A recent kayaking excursion reopened some old wounds for Olly Mann
I have just been sea kayaking. This would be an unlikely event at any stage in my life, as my track record with watersport is woeful. (Waterskiing terrified me, and I once went fishing but became so bored I spent the entire time observing the bait wriggling in the plastic container.) It’s especially surprising, though, because this is the first time I’ve attempted any shoulder-based sport since I first dislocated my shoulder eight years ago.
The initial dislocation was at my friend Steve’s wedding; or, more accurately, at the pre-wedding japes in the Canadian Rockies (he married a Canadian. If only he’d hooked up with his high school sweetheart from Hitchin, my shoulder would have been saved).
I was 29, had never been skiing, and took the advice of my snow-sporty mates that I should do a trial lesson on a dry slope first, before heading out to Lake Louise. To my astonishment, I found the dry slope lesson relatively easy, and didn’t fall over once. So, when I got to Canada, full of false confidence, I over-enthusiastically donned my skis at the rental centre, attempted to ski over to where the lesson was due to begin, lost my balance, and fell backwards on to hard ice.
The pain was harsh, but relief came quickly as my shoulder was popped back in by an on-site doctor (you’re never far from a medical practitioner on a ski slope). But then my arm had to sit in a sling for the next six weeks. So, aside from the obvious embarrassment of having obtained a “sports injury” without actually attempting the sport itself, I then had to discuss it with all the guests at Steve’s wedding, all highly amused by my sling. I smiled weakly as I posed for numerous photos recording the moment they met that English guy who fell over and injured himself, despite having never set a foot on the mountain.
"As I dangled above the ground, blood draining fro my face, I tried to slot my shoulder back... and failed"
In the years since, my shoulder has repeatedly dislocated. Notably at my friend Ben’s stag do on a zip wire at one of those stupid treetop adventure parks.
The first hour of swinging and jumping had proceeded without incident, but, as I attempted one of the more precarious leaps, I reached out for a net to catch myself in—and, as my bungee rope snapped me backwards, it pulled my arm clean out of its socket. As I dangled 30 metres above the ground, blood draining from my face and shaky with adrenalin, I tried to slot my shoulder back, and failed.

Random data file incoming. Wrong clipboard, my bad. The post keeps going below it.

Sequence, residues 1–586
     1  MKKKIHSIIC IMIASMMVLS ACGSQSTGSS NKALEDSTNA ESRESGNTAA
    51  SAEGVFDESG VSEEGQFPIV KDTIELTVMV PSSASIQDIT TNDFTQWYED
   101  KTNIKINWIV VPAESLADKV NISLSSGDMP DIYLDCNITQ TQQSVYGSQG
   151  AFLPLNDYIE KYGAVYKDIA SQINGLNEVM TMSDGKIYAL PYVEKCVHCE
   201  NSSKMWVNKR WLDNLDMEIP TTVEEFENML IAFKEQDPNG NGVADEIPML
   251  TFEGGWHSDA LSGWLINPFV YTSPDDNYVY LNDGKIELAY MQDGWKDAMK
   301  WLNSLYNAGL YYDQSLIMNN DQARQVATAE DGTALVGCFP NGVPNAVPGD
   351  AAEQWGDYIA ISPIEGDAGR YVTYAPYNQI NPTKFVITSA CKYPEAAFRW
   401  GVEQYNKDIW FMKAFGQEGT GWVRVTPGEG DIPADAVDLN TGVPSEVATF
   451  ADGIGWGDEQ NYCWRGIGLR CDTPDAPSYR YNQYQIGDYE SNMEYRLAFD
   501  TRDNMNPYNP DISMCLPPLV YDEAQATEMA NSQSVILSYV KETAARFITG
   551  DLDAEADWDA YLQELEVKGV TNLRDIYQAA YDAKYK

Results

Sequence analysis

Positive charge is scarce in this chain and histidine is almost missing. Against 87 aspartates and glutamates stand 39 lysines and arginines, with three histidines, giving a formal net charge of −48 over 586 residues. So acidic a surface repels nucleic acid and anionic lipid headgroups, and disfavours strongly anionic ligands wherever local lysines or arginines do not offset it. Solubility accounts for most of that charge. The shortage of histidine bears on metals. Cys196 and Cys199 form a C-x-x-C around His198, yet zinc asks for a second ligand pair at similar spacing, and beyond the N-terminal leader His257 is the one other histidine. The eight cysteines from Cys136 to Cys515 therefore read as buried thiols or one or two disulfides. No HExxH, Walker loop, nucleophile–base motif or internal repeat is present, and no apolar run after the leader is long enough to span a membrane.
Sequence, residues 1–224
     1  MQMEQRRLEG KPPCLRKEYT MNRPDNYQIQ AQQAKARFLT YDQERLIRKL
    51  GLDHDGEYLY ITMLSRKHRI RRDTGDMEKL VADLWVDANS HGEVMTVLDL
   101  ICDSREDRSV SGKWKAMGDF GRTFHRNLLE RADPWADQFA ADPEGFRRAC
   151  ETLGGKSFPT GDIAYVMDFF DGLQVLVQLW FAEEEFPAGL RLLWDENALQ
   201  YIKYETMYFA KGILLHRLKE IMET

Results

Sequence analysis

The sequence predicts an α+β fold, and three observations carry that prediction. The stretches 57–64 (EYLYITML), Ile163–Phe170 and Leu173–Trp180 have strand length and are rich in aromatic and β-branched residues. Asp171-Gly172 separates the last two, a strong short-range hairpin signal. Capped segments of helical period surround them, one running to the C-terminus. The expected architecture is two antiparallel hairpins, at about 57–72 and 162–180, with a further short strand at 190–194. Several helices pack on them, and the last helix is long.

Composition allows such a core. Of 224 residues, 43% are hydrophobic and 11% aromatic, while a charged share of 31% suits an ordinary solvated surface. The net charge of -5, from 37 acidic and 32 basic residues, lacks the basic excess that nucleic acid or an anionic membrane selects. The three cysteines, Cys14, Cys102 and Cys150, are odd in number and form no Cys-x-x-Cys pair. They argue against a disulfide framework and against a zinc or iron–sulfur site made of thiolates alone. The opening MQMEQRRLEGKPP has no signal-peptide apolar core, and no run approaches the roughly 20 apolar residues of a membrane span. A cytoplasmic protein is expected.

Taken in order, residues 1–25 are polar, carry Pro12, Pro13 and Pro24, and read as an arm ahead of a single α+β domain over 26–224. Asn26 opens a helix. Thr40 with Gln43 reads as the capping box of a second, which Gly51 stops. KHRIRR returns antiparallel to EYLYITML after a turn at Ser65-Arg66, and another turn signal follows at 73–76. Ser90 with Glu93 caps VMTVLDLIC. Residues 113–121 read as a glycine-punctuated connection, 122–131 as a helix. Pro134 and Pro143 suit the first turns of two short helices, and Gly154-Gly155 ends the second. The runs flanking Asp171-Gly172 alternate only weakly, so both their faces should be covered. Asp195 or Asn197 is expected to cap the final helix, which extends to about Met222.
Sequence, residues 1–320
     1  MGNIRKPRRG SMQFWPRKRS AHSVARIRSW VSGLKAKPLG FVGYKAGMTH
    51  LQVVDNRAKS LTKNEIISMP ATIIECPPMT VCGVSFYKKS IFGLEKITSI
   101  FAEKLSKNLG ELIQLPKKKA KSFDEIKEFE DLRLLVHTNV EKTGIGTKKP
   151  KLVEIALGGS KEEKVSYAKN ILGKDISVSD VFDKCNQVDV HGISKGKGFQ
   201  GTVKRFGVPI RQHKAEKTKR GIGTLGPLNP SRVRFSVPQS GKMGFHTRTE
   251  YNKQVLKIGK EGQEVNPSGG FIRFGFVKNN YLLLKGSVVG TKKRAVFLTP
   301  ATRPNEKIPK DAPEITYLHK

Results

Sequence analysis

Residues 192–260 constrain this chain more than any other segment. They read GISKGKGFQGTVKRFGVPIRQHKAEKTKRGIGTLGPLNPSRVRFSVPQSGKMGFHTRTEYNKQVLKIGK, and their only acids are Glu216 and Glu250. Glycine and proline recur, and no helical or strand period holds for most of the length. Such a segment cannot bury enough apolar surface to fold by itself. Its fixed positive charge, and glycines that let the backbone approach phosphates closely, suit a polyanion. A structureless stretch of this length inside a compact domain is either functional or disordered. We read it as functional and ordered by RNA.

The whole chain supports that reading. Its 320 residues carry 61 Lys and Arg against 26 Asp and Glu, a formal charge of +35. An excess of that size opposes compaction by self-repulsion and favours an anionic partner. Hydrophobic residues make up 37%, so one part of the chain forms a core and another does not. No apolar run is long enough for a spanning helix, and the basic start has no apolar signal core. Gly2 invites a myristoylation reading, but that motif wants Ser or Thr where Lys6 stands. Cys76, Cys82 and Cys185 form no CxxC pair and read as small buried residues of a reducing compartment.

I did a little puke in my mouth as I was told that there was no quick way to get me down from the wire: the fastest way to find sanctuary would be to complete the treetop course. I somehow then completed six bungee jumps in a matter of minutes, holding my right arm aloft with my left, until I reached ground level, relocated my shoulder lying face down on a park bench, and continued on to the Wetherspoons.
The most recent dislocation, in 2015, was the least remarkable: I was running for a train after having a few drinks, and managed, bizarrely, to fall up a staircase. But the more your shoulder pops out, the more likely it is to happen again, and the harder it is to put back.
A steely-eyed surgeon advised me that surgery would be the best option. I ignored his advice, and chanced my arm (pun intended) on a regime of: a) never again doing weird outdoorsy activities and b) jogging, not running, for trains.
For two years I followed my own advice, and my shoulder remained in place. But this summer I’ve been a little more lax. I’ve risked running on a cross-trainer. I’ve carried multiple bags of heavy shopping. I’ve even been on a rollercoaster (counter-intuitively, so long as there are shoulder restraints, it’s fine—it’s actually the coasters with lap-bars that bash your shoulders).
Then, last month, I was invited on a long weekend to Croatia with my wife’s friends—all of whom are younger and sportier than me. The whole itinerary was finalised ahead of time (and I do mean the whole itinerary: a fortnight before departure, a PDF of the menu at the pizza restaurant was circulated amongst the group via WhatsApp), and sea kayaking was the Saturday morning activity, booked and paid for. So, I thought, I should at least give it a go before backing out. And so, yesterday, I found myself standing in my trunks on Bene beach, with an oar in my hand, boarding a two-person kayak with my wife.
Coordinating our rowing technique nearly cost us our marriage, but I’m pleased to say my shoulder didn’t feel remotely vulnerable, and still remains in place. If anything, I suspect the rowing may have strengthened the muscles around my shoulder. I got to see the beautiful Marjan peninsula, and take part in some outdoor sport for the first time in eight years.
It’s all made me feel rather dislocated.